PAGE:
Unless Xerox can be purchased at a fraction of its current market cap, my question would be..... why would any company want to buy a copier manufacturer when we all know that "prints-on-paper" is in a declining mode? Years back, I used to print "to paper" everything I typed (Word files, Excel files, etc etc). Today, I rarely "print-to-paper" anything.....I print to pdf files and save or transmit those. I don't think I am any different than "the average Joe". I formerly owned two of the larger "reprographics" companies in the U.S. I've been doing consulting in the industry since I sold and retired in late 2007. I do a great deal of "sales results comparison" work in my industry. For companies I've studied, it's very easy to see that the quantity of small-format b/w and color imaging (copies or digital prints) is not in a growth mode. The opposite is the case, from what I've seen and studied.
 

Lorenzo lab guy

Well-known member
Fuji kind of tried to take over Xerox a while back when they worked to completely own the Fuji / Xerox joint venture. There was a big battle and it didn't happen. Since Fuji manufactures many of the advanced color Xerox machines they have some leverage. They have announced they will be selling Revoria brand printers in some markets that look very very very much like Xerox press printers. They are now allowed to do this because of the breakup of the Fuji / Xerox joint ventures. We actually got our Versant from Fuji Graphics and like the dealership experience from Fuji much better than Xerox. If Fuji decides to sell Revoria printers in the USA I think Xerox will just fade into irrelevance. We have dealt with Fuji since 1983 in our photo lab division and I can tell you their staying power is hard to beat. They crushed Kodak.
 

TJPrinter

Well-known member
why would any company want to buy a copier manufacturer when we all know that "prints-on-paper" is in a declining mode? Today, I rarely "print-to-paper"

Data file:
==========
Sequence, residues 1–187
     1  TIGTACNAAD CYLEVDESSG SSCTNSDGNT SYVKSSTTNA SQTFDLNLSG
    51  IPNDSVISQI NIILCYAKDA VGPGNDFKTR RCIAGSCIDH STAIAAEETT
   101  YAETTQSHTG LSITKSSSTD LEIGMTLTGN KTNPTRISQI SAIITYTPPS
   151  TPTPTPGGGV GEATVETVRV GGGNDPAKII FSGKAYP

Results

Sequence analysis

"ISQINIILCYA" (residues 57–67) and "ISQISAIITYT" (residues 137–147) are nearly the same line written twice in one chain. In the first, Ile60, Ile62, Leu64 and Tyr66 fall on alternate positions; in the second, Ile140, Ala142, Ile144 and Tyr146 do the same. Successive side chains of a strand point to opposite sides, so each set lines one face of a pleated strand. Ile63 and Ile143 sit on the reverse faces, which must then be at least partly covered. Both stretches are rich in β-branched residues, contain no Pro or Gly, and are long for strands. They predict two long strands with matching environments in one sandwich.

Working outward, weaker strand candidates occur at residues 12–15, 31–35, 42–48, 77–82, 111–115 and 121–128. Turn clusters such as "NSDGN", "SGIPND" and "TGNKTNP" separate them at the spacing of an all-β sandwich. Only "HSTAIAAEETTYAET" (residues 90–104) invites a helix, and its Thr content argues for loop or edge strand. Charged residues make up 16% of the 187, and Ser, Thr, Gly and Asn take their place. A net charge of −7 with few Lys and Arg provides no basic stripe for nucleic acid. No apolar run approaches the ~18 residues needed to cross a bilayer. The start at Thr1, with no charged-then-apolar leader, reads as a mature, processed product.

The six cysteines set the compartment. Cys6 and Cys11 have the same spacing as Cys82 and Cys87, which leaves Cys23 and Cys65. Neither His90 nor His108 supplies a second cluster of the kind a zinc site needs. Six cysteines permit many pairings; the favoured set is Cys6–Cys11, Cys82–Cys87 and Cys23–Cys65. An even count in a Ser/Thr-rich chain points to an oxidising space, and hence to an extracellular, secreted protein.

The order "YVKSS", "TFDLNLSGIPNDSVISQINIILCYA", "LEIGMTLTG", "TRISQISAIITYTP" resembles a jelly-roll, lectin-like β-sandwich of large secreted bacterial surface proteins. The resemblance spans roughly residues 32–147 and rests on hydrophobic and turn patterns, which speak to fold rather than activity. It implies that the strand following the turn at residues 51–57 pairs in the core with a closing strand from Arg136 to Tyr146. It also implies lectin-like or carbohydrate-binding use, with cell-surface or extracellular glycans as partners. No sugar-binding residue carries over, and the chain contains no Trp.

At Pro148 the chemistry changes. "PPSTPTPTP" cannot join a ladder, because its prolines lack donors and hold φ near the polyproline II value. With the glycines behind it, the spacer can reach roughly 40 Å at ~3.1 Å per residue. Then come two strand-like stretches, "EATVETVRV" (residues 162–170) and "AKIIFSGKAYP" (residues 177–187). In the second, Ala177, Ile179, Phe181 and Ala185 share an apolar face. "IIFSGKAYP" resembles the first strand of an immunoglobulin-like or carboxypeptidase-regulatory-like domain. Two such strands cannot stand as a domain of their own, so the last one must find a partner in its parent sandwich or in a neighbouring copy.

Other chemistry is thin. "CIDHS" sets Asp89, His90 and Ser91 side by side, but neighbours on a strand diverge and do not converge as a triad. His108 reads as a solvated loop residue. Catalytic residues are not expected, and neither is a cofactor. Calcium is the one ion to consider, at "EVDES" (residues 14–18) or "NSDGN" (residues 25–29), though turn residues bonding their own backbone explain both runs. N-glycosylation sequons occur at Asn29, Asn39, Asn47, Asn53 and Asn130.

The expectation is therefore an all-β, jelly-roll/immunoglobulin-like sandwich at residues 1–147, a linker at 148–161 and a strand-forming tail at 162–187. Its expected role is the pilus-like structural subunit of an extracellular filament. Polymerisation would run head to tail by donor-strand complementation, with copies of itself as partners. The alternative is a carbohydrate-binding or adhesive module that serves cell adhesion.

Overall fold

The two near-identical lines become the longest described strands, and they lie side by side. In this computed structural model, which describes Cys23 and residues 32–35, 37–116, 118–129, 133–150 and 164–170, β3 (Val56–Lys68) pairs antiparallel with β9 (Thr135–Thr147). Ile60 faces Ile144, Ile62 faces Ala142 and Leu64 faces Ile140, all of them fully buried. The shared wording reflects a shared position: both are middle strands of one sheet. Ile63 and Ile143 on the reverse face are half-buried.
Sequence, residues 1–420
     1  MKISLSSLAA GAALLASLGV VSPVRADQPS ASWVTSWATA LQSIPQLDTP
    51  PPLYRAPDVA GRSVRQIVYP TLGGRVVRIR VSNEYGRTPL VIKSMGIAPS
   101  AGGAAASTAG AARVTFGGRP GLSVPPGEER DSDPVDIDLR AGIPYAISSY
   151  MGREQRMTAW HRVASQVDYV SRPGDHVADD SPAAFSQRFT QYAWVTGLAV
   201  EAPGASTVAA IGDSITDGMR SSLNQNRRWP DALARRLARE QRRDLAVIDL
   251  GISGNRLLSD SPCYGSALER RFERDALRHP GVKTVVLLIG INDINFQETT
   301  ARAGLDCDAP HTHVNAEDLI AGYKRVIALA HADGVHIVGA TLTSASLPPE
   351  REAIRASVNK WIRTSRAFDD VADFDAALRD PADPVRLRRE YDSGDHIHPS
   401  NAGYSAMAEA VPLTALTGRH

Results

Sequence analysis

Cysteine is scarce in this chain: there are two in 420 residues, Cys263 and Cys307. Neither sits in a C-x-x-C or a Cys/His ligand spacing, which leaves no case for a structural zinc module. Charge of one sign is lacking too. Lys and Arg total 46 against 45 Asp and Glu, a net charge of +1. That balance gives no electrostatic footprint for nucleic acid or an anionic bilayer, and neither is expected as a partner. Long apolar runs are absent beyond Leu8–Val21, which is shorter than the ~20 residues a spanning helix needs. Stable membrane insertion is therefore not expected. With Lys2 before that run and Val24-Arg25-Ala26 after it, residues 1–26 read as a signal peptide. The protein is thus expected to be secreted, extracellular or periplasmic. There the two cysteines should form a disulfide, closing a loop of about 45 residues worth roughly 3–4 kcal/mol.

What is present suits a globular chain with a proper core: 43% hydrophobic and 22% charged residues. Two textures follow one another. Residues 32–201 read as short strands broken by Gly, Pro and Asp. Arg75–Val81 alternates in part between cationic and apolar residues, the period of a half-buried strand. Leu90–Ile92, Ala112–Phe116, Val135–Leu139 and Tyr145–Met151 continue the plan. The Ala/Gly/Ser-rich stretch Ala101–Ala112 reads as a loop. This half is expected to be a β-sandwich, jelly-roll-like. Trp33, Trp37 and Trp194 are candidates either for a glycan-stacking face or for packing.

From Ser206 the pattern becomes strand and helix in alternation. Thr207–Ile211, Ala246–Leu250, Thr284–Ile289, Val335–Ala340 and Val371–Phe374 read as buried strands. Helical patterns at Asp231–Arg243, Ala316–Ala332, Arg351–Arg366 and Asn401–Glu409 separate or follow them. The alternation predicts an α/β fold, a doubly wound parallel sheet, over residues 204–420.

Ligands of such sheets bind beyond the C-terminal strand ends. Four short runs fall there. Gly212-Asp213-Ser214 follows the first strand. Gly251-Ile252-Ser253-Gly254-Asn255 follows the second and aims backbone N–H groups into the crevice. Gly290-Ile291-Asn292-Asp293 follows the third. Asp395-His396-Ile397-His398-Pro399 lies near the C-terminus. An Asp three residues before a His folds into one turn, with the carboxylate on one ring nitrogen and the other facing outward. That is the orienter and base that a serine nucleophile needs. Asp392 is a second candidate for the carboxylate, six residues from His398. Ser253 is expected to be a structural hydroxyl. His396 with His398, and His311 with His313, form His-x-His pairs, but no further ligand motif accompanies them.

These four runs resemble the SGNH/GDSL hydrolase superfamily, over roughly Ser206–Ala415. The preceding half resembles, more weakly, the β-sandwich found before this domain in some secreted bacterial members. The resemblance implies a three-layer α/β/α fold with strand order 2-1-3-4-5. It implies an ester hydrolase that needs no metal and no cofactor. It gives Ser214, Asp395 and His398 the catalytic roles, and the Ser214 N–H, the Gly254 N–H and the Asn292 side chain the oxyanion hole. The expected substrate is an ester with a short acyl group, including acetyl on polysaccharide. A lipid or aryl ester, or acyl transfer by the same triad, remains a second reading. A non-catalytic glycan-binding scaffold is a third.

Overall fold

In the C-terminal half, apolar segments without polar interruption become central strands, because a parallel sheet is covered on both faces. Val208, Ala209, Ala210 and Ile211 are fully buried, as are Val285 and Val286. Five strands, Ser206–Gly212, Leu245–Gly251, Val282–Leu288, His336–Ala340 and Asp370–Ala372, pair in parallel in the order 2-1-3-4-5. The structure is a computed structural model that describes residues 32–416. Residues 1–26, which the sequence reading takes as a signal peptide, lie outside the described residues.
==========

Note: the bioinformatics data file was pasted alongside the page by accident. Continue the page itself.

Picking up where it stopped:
Xerox was once an innovator of print technology driven by thousands of talented employees. Being an innovator requires investments in R&D and like so many other corporation Xerox is no longer driven by innovation but rather stockholder greed.

Sure, the print industry is shrinking and it will continue to do so. On the other hand digital printing has grown and continues to grow at a faster pace than the overall economy. Digital printing encompasses so much more than just electrophotography and printing on just paper, Xerox has failed to make investments to move forward in digital printing. But hey no problem, stockholders can just move on to the next corporation to suck the life out of.
 

kslight

Well-known member
Xerox was once an innovator of print technology driven by thousands of talented employees. Being an innovator requires investments in R&D and like so many other corporation Xerox is no longer driven by innovation but rather stockholder greed.

Sure, the print industry is shrinking and it will continue to do so. On the other hand digital printing has grown and continues to grow at a faster pace than the overall economy. Digital printing encompasses so much more than just electrophotography and printing on just paper, Xerox has failed to make investments to move forward in digital printing. But hey no problem, stockholders can just move on to the next corporation to suck the life out of.
The sad part is Xerox was once an innovator of technology period, instead basically gave their best ideas away to Apple / Microsoft etc because they couldn’t see two feet in front of them.